LEON BYNER: So why would other medical officers say no to our Chief Medical Officer just because, well, they think differently?

DAVID LITTLEPROUD: Well this is the thing that frightens me, I think it's down to politics. And in times of crisis, your system of government is tested. And over a hundred years ago we created this thing called federation and we drew lines on a map. Well, modern Australia has outgrown most of those lines. We're an integrated agricultural system and society right up and down, particularly the eastern seaboard and into South Australia. So we've got to understand that our society has evolved past those arbitrary lines and we need to use some common sense, particularly when the Prime Minister is trying to create a hot spot so that you can use science. And what we've learnt to evolve with this virus is that how do we trace it and how do we treat it quickly? And that's been through tracing, and you can create bubbles, you can create hot spots and say, we locked those down, whereby you can't go in. Even the outside there's a bubble in which you can work and have freedom of movement.

If we don't learn to live with this, we're going to shut down our economy. And let me tell you, while it might seem as though those that still have jobs at the moment it's all okay, I can tell you, we're going to have to pay this back. This is going to take this nation a long time to pay this back. It's not free money, and it is going to be a lot of hurt. And this is why we've just got to use our smarts and back ourselves and understand that we can achieve this, but particularly for regional Australia that hasn't had the cases. You've just got to get out of their lives. Protect us, yes, but get out of our lives and just use some common sense in some of the protocols that we've put forward, that even science and medical profession is now telling me is safe to do.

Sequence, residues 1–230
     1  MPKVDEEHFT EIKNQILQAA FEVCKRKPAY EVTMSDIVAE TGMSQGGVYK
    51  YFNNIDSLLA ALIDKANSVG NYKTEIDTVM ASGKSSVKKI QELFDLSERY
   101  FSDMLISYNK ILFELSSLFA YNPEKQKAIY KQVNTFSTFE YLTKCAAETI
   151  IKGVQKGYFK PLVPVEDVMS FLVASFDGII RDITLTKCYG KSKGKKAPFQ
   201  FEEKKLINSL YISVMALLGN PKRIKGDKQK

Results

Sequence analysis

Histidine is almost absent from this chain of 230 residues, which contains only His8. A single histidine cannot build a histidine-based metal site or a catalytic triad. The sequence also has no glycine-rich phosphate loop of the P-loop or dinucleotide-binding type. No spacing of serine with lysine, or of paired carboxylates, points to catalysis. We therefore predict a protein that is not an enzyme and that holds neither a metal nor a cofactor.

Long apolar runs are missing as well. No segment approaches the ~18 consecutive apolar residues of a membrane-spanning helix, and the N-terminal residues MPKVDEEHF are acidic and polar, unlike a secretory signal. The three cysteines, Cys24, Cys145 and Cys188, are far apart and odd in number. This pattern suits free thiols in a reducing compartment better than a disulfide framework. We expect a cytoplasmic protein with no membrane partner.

LEON BYNER: Alright so are you telling us today that there are some health bureaucrats who will not let farmers cross their orders on their property? Is that what you're telling me?

DAVID LITTLEPROUD: That is correct.

LEON BYNER: But why can't they get a permit like others? Because you could argue their work is essential. So why can't they get a permit?

DAVID LITTLEPROUD: Well unfortunately this is this thing. We have announcements for announcements sakes by some of these states. And there's been bubbles off across borders and then you can go and apply for a personal exemption. So the problem then comes down in the practical application of it. The arbiter of this is normally a health official and in fact I've got a number of cases where we've got contract harvesters that have rung up the health officials, who are the ones that decide, and they say I'm a contract harvester, I'm outside the bubble, I want to go across the border because I've got work up there. They don't even know what a contract harvester is. And so they say no.